Perfume should be enjoyed, carefree!

But what if you skin doesn't agree with perfume? Here you can read all about fact and fiction with regard to allergies in relation to perfume and how you can still use perfume even if you turn out to be allergic.

Irritation or allergy?

A rash, redness, itchiness, a burning feeling: your skin is reacting to something. This doesn't necessarily have to indicate an allergy, it could just be an irritation to the skin. What is the difference between an irritation and an allergy? If it's an allergy, your skin will react immediately upon contact with the product causing the allergy, whereas an irritation might flare-up a couple of times upon contact but will not necessarily do so each and every time and might even simply disappear.

If you want to be absolutely sure it's not an allergy but an irritation, the best thing is to see a dermatologist. 

An allergy is an oversensitive reaction to certain substances which luckily doesn't happen often. In our daily lives, you are sure to be in contact with various potential allergens, either from nature or from using certain (synthetic) products. For example, 14% of all Europeans is allergic to nickel (used in jewellery for instance). Less than 2% of the European population might have an allergic reaction to perfume ingredients.

Perfume ingredients

A perfume consists of several ingredients ranging from a couple to up to 100 in a formula. The perfumer can choose from 3000 different ingredients. As of 1997, cosmetic companies are obliged to list the ingredients on their packaging. If the product contains perfume, this should be in the list of ingredients (perfume). Since 2003 this has been narrowed down to being mandatory for all products containing fragrance (ie perfumes). All perfumes must list which potential allgergens (if any) the contain. This list consists of 26 known/tested potential allergens. Of these 26 potential allergens, we know that a very small group of people might react to some of them. These ingredients (potential allergens) are perfectly safe to use with causing a reaction for most of us. Most of these ingredients are actually naturals and only a small number are synthetic essences.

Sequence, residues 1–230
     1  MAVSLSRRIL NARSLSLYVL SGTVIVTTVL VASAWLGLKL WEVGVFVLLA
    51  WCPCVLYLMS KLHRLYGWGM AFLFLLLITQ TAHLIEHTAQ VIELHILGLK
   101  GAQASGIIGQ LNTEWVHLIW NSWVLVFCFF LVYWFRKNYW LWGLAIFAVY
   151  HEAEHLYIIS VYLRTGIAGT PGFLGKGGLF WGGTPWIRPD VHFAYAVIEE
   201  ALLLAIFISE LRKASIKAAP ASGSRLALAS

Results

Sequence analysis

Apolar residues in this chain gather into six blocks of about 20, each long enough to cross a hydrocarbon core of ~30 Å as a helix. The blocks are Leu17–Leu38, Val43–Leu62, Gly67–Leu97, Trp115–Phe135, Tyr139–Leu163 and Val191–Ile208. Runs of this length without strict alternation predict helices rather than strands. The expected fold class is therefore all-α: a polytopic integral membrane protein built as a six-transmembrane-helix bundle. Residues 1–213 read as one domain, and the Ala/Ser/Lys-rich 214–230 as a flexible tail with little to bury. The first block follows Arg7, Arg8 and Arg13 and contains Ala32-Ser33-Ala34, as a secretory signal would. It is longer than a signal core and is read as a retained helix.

The 26 aromatic essences you will find on the list are: alpha-isomethyl ionone, amyl cinnamal, amylcinnamyl alcohol, anise alcohol, benzyl alcohol, benzyl benzoate, benzyl cinnamate, butylphenyl methylpropional, cinnamal, citral, citronellol, cinnamyl alcohol, coumarin, eugenol, geraniol, farnesol, hexyl cinnamal, hydroxycitronellal, hydroxyisohexyl 3-cyclohexene carboxaldehyde, isoeugenol, limonene, linalool, methyl 2-octynoate, oakmoss (Evernia Prunastri), treemoss (Evernia Furfuracea).

How do you test an allergy?

If you are afraid you might have an allergic reaction, the best thing to do is to try a very small amount on the inside of your elbow. If there is no sign of a reaction within 24 hours, then the chances are you are not allergic. If however, your skin does react, then stop using the product immediately and if necessary, contact your GP or a dermatologist. The dermatologist uses a 'patch test' to find out to which substances you are allergic. By applying small cups with the the potential allergen on your back, and leaving them for 48 hours, you can determine step by step which substance is causing the reaction. 

Tips if you have an allergy

If you are allergic to perfume, you can of course use fragrance free cosmetics and try to avoid perfume all together. If on the other hand, you still want to keep using perfume, we advise you to try the following.

  1. Read the label on your cosmetics or perfume bottle. After the word 'Ingredients', you will find various ingredients listed in diminishing order. If you know for which ingredient you are allergic, you then know which perfume you can or cannot wear. This way you can enjoy your scent without worries.
  2. Or: an alternative would be wearing perfume by spraying it on your clothes, handkerchief, or on the hem of your dress for instance, without spraying it on your skin.